On this subject, Al-Monitor met with Malik Abu Siraj, a leader in the Syrian Liberation Front. “The Russians are expected to target any area in the liberated areas. They have been showing a lack of commitment to the concluded international treaties and endless and open support for the Assad regime. The artillery and missile units of the Syrian Liberation Front targeted several enemy military sites, causing direct hits.”
He added, “We trust the Turkish guarantor and the Turkish policy that support the peoples’ right to freedom and dignity and advocate legitimate causes. Meanwhile, Russia has always supported Assad. The National Army will remain steadfast and will not renounce its objective to bring down the Assad regime and its terrorist offsprings such as the Islamic State (IS), and the PKK and PYD.”
National Army commander Abdul Salam Abdul Razzaq, who resides in Idlib, told Al-Monitor that “the recent Russian military campaign in northern Syria is linked to the issue of east of the Euphrates in light of talks about the US troops’ pull-out and Russia and Turkey’s failure to agree on the fate of this region should this pull-out occur. Russia wants to control the M4-Aleppo-Latakia road and then all other areas if it can. By bombing the Olive Branch areas, Russia is asserting that all areas are Syrian territories and that it has the right to bomb them whenever it wants. Russia believes all factions that are not loyal to Assad are terrorists.”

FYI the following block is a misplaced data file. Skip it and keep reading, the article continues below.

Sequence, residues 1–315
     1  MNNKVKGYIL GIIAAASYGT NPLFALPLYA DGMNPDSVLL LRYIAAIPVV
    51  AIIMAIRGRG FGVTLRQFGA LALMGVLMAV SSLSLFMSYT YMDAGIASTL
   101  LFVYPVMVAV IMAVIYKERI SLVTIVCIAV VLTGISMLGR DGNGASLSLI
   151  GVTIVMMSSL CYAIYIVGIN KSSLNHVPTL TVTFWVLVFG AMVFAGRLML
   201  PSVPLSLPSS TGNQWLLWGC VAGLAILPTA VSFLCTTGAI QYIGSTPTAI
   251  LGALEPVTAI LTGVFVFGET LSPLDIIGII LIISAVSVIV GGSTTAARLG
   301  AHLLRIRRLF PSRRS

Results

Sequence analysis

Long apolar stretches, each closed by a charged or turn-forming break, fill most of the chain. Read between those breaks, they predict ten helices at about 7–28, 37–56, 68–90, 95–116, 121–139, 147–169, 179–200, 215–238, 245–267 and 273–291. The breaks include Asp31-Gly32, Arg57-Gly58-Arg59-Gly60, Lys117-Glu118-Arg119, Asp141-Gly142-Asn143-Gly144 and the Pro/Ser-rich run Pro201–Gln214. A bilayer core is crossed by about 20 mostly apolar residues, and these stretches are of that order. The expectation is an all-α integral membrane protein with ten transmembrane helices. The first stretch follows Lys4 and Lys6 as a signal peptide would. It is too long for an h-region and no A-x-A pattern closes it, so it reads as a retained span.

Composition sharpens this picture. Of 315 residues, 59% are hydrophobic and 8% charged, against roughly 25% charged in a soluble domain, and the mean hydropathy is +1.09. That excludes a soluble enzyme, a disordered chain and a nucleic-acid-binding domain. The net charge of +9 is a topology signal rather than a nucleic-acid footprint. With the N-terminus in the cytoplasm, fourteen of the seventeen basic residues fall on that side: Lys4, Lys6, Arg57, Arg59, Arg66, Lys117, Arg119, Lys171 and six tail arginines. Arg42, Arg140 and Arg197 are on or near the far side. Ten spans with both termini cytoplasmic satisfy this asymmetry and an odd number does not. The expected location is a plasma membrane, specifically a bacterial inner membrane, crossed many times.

He continued, “Russia’s bombing of the factions’ areas reflects the depth of the Russian-Turkish dispute over Syria. I do not expect, however, a battle in Idlib at the time being. The Turkish-Russian summit could defer this battle if some sort of understanding is reached on most of the outstanding issues between the two sides.”
In turn, Majd Kilany, an Idlib-based researcher at the Jusoor Center for Studies, told Al-Monitor that the continued bombing of Idlib aims to put pressure on Turkey. “Moreover, Russia’s main goal is to destabilize the opposition’s areas in conjunction with the suffering in the regime-controlled areas,” he explained. “But the intensification of Russian air raids and the fact that these raids also targeted the Afrin region and the areas under the control of the National Army north of Aleppo is a clear message that Turkish-Russian relations are not strained only by field pressures. There are other points of disagreement between the two sides. Russia is inclined to re-discuss all issues and raise the ceiling of its demands based on new data or new concerns.”